Exclusionary Politics, Money, and Statistics
It’s all about the money. That could have been the title of the latest opinion piece from Mainstream UMC. And of course, beneath the issue of dollars is the issue of power and control. The central question is whether, in the name of including LGBTQ persons in marriage and ordained ministry, the church is willing to exclude millions of United Methodists outside the U.S.
Underlying a bewildering onslaught of statistics in the Mainstream piece is this message: We moderates and progressives contribute the money that funds this denomination, so we should control the church. The subtext is that traditionalists (what the piece calls “WCA conferences” in an attempt to target the Wesleyan Covenant Association) are disloyal to The United Methodist Church because they allegedly contributed a lower percentage of apportionments and a lower total of dollars than moderate and progressive annual conferences. The implication is that these disloyal traditionalists should just leave the UM Church, since they do not want to support it financially anyway, and stop trying to force their outmoded theology on the rest of us.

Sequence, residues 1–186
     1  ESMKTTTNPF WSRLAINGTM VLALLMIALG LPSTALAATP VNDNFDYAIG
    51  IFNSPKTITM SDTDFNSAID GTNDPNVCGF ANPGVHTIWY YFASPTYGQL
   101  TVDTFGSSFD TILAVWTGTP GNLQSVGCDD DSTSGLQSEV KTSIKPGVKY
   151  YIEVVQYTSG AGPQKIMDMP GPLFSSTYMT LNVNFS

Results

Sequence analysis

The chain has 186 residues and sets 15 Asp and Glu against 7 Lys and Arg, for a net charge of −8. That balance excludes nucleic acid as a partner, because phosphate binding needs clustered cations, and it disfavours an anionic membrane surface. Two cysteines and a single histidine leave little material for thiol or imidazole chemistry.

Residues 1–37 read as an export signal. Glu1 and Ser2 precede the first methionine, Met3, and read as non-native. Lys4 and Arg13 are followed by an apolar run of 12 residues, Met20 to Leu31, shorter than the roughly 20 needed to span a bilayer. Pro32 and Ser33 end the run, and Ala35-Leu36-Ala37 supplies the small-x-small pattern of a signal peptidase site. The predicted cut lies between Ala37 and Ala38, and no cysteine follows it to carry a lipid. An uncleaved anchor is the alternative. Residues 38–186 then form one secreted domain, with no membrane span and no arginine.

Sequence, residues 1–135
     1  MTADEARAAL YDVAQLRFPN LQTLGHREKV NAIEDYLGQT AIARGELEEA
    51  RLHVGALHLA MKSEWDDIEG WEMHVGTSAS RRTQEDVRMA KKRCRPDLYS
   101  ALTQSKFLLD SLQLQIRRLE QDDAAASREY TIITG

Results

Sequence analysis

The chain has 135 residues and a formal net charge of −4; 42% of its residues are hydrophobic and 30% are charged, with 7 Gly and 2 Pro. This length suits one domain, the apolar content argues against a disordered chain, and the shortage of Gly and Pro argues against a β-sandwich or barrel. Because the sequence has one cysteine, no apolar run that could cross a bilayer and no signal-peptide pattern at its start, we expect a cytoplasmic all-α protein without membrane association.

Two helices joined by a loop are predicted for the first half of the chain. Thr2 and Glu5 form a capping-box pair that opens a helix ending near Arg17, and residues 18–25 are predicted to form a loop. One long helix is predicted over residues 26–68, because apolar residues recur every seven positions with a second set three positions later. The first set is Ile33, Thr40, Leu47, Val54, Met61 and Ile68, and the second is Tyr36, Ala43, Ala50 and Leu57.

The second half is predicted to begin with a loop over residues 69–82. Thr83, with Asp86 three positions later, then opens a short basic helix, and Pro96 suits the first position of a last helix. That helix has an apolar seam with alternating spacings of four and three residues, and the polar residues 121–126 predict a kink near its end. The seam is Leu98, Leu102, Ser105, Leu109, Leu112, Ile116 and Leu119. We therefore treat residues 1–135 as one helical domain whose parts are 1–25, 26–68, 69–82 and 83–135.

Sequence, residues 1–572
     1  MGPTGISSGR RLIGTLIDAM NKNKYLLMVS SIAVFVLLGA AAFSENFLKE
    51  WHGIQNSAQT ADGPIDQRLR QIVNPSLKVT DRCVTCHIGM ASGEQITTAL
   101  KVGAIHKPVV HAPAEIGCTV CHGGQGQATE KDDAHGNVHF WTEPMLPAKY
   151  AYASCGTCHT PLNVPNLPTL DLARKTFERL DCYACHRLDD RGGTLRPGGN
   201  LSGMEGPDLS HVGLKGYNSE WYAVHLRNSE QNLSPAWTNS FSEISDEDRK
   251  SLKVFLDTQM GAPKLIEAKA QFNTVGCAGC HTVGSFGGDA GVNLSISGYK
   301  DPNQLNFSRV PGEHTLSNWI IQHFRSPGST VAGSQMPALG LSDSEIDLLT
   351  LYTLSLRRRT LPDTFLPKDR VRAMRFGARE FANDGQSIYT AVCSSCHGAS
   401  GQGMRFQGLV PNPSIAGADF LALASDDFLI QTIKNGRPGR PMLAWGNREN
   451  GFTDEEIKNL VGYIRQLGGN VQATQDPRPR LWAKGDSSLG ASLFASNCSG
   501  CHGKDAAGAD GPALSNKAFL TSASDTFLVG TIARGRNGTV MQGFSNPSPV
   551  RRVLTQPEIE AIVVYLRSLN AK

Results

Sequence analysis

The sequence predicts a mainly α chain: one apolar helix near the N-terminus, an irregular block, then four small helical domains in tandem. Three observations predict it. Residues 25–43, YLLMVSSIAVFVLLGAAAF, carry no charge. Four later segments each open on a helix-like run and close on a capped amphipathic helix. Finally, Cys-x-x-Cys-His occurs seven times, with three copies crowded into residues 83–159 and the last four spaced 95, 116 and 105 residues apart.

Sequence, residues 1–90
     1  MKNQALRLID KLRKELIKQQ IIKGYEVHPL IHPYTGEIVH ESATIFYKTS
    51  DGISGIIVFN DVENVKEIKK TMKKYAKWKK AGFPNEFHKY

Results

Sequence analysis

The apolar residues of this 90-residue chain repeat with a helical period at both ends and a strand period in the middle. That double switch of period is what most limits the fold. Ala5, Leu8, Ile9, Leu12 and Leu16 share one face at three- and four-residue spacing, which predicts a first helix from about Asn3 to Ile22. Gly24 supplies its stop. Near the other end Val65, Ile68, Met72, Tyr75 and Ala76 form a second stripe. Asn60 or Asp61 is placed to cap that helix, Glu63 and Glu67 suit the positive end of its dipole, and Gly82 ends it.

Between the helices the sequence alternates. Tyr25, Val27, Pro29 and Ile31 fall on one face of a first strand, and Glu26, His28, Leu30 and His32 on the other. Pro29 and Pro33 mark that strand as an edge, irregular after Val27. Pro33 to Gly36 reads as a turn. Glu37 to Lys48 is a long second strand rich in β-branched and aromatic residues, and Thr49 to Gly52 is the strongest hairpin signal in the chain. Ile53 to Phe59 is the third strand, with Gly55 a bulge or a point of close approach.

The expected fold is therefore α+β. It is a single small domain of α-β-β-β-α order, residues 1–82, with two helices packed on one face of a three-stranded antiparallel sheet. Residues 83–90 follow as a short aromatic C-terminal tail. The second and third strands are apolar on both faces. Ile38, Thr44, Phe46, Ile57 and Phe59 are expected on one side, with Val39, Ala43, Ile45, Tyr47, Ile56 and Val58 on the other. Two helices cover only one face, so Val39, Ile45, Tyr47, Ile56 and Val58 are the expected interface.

The Rev. Dr. Mark Holland uses this latest blog and fundraising letter on behalf of Mainstream UMC to cast this spin on the reports of election of delegates to General Conference compared with the amount and percentage of apportionments paid by each annual conference.